Aside from legislative decision-making, is there an argument that Dems should be making that whilst owning numerous guns to protect yourself and those around you does not make you a criminal, it does make you irrational and irresponsible?
Thanks for the comparison with alcohol -- it's a point too often left out of the public conversation. Morally it's close to an identical issue with guns, as you point out actually it's the greater evil, but liberals can't see it because with alcohol it's *their* culture, whereas guns are hick.
Another issue I think we're similarly blinded on is the personal morality of purchasing illegal drugs. Not because "drugs are bad lol" but because buying things like marijuana through illegal channels funds horrific drug massacres in Mexico and elsewhere. But bring this up to a vegan marijuana smoker who abstains from meat because of the cruelties of factory farming and you'll get shouted out of the room.
I think this is mostly right on. The major additional factor I'd like to hear about is: the impact of the Parkland HS shooting and subsequent youth-driven activism. I wonder if that had an effect in driving youth involvement in the 2018 mid-terms and 2020. I'm a teacher and noticed that Parkland broke through to teenagers more that most political issues (even the impeachment).
Another underappreciated demand side issue is the decline of hunting. It used to be a significant portion of the electorate owned guns for hunting, saw hunting as a family tradition and a reflection of their way of life, and that offered a way for Democrats to reach out to them.
Even the photo ops that get made fun of (John Kerry in 2004) were arguably part of a successful electoral strategy (given Matt's longstanding praise of Kerry's 2004 campaign).
With the decline of hunters, more and more the remaining gun owners are really focused on gun ownership as an expression of white cultural resentment in terms of "security" and "protecting my home and family." This influences an approach to politics that is more than just gun ownership. It combines "law and order" with a fear of "the other" which feeds into the broader xenophobic message of the GOP today.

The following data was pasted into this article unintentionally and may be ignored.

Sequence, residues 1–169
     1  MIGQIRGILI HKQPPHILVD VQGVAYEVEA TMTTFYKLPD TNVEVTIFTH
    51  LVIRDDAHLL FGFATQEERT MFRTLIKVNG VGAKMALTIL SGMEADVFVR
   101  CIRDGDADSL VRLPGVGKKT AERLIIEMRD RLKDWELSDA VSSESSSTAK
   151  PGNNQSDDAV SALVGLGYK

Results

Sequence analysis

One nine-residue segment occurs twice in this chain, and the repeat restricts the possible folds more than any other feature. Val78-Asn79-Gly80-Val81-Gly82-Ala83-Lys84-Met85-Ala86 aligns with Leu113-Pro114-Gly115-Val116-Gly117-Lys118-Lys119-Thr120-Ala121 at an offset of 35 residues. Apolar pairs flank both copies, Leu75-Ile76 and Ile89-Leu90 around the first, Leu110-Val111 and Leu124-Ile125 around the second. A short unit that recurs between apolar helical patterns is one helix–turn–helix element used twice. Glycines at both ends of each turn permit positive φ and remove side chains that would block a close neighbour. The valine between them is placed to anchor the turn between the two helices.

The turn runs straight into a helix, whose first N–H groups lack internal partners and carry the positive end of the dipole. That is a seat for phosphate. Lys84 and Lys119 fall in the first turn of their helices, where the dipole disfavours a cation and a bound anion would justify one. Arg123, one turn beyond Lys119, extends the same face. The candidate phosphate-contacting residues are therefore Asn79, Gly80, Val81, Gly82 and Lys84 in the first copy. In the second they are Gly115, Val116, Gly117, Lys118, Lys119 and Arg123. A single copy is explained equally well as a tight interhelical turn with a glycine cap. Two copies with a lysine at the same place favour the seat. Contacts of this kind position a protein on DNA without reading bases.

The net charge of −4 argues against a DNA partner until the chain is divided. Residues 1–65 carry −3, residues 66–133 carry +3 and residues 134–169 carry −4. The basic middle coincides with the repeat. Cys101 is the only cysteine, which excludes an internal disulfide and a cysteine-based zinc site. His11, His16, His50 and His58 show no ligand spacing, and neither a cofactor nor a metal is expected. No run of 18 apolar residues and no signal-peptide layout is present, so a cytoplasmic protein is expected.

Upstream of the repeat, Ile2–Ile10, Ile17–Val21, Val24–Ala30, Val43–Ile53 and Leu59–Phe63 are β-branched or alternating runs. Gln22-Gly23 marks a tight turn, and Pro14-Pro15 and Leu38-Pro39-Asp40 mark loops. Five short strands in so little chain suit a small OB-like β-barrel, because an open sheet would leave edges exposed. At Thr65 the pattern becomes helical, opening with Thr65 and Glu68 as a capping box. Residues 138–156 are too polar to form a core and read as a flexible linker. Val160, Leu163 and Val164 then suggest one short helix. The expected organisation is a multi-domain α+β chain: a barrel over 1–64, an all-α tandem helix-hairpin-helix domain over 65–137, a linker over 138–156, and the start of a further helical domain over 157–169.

Good piece - it persuaded me to subscribe!
Coming from the UK, though, I don't think that comparison quite works. The UK has never had much of a broad tradition of gun ownership, and the unarmed police force long predates effective gun control, and goes back to the aftermath of Peterloo, and the need for some kind of civilian crowd control. In other words, it relates directly to the kinds of racial/class conflicts we now see in the US. Hence "the police are the public and the public are the police". The only major gun control issue the UK has had historically was service firearms linked to major conflicts. As I recall my Grandfather kept his service revolver for 30 years after WW2.
The better comparison I think is with Australia, which did have more of a US style tradition of gun ownership, and went through the process of weapons bans, mandatory buybacks and the like that you describe. The Australian example supports your overall argument better, because one of the reasons it worked is that the major step was taken by the Australian right under John Howard. Gun control is much more likely to be effective if it is brought in by the right, as part of an internal debate in a party's rural/suburban coalition, rather than as part of a partizan dispute, partly because it diffuses the tension rather, but partly also because it allows for a more honest conversation involving people who have longstanding experience of rural communities and gun ownership about what would actually be necessary.
Would welcome your thoughts on this!
Perhaps we could ask New Mexico Democrats for advice? That state has some of the most libertarian gun laws around, yet it's moved decisively toward Democrats over the last two decades. New Mexico Democrats control all statewide offices, and control the trifecta. I've just about reached the limit of my knowledge on this matter, but perhaps some others here might have insight as to how this has come to be.
I’ve been making a similar point to my wealthier liberal friends in a major city (Chicago) for years now, and I think it’s sinking in a bit.
Take the assault weapons ban. Per the FBI in 2017, just 4% of firearm murders were carried out by a rifle of any sort, which would include both semi-automatic rifles like AR-15 variants, as well as hunting rifles. This amount to around 400 deaths, equivalent to 4 days worth of deaths from car crashes in this country.
I’ve lived in the South as well, and I can say that a lot of the “from my cold dead hands” type are dead serious. Even if you assume that none of those 400 deaths would be carried out with a different gun, and that’s a tall order, it no way is it worth the massive destabilization that would occur if there was a serious push for just the assault weapons ban. People would think it’s just a ploy (thanks Beto) for full confiscation of the 15 million or so semi-automatic rifles in this country. It’s just not worth it. No matter how logical you think a reform would be, even if .01% of those people got violent, there could be a serious wave of domestic terrorism, which would then be countered by a civil liberties crackdown potentially like France is doing right now.
Any policy decision needs to take the facts on the ground into account. Getting normative without factoring in the descriptive is just tilting at windmills.